In Florida, more than one in five black adults can’t vote. Not because they lack citizenship or haven’t registered, but because they have, at some point, been convicted of a felony. The Sunshine State’s not alone. As in Florida, more than 20 percent of black adults have lost their right to vote in Kentucky and Virginia, too, according to the Sentencing Project, a group that advocates for reforms to sentencing policy that reduces racial disparities. Three states — Florida, Iowa and Kentucky — ban anyone who has ever received a felony conviction from voting. But many other states have weaker disenfranchisement laws—ones that ban those currently serving sentences or those on parole or probation. And Attorney General Eric Holder on Tuesday called on them to rethink the “unnecessary and unjust” policies.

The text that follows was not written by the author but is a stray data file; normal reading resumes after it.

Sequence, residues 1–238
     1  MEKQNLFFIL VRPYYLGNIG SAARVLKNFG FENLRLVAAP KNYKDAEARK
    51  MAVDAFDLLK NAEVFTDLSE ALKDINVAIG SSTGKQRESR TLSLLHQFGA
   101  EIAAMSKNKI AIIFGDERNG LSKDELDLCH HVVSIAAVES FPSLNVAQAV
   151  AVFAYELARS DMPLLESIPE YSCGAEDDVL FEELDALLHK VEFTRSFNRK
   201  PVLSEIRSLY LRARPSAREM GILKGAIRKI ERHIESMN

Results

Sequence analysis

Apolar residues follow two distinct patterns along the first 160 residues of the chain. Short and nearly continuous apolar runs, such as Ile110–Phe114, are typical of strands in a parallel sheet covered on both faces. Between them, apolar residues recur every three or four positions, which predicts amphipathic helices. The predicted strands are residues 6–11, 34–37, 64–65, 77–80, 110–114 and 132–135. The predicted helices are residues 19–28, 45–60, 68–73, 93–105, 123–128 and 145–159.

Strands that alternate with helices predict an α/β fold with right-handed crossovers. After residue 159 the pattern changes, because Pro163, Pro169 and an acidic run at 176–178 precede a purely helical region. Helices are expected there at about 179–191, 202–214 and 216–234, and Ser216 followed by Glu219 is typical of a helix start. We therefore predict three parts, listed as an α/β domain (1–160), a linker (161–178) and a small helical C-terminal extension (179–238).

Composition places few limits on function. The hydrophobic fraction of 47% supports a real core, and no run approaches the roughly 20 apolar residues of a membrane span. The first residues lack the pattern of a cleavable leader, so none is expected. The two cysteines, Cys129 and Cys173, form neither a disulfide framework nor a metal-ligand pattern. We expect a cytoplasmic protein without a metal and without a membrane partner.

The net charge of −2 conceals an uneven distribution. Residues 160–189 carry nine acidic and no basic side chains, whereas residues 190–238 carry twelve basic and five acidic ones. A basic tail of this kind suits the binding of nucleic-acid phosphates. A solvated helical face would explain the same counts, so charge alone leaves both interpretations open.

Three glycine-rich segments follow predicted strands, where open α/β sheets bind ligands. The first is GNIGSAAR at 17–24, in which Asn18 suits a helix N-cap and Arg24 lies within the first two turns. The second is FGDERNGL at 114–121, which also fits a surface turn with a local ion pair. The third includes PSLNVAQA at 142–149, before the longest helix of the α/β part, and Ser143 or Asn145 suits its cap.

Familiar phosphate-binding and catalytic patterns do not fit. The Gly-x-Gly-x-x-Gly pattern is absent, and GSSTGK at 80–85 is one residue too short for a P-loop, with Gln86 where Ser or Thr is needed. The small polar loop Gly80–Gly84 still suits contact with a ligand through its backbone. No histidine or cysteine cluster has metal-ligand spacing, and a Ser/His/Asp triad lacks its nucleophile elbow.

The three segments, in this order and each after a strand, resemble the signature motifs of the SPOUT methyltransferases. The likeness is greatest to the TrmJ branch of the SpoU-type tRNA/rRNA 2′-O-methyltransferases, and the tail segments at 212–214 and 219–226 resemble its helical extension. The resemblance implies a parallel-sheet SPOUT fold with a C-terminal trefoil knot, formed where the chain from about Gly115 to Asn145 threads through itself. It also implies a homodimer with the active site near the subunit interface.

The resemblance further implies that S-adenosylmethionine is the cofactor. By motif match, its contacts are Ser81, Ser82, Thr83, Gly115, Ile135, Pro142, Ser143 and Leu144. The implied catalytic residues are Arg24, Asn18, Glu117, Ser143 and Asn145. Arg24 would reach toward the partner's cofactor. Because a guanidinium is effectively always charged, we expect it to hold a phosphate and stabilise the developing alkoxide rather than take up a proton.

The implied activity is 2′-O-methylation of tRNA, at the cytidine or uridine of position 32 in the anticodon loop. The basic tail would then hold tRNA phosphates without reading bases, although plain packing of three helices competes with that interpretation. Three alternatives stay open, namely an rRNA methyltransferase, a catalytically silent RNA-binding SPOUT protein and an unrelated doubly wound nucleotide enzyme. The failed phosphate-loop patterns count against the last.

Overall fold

“At worst, these laws, with their disparate impact on minority communities, echo policies enacted during a deeply troubled period in America’s past – a time of post-Civil War repression. And they have their roots in centuries-old conceptions of justice that were too often based on exclusion, animus, and fear,” he said in a speech at Georgetown University’s Law Center, in Washington, D.C.
States have been ratcheting back such policies on their own. Doing so had been a running theme of Virginia Gov. Robert F. McDonnell’s time in office, for example. But more than 1 in 15 adults — all adults — in Mississippi, Kentucky, Virginia, Alabama, Tennessee and Florida can’t currently vote because of felon bans. Those states spend more than $6 billion combined on corrections, with more than 3 million people disenfranchised.
Full Article: How felon voting policies restrict the black vote.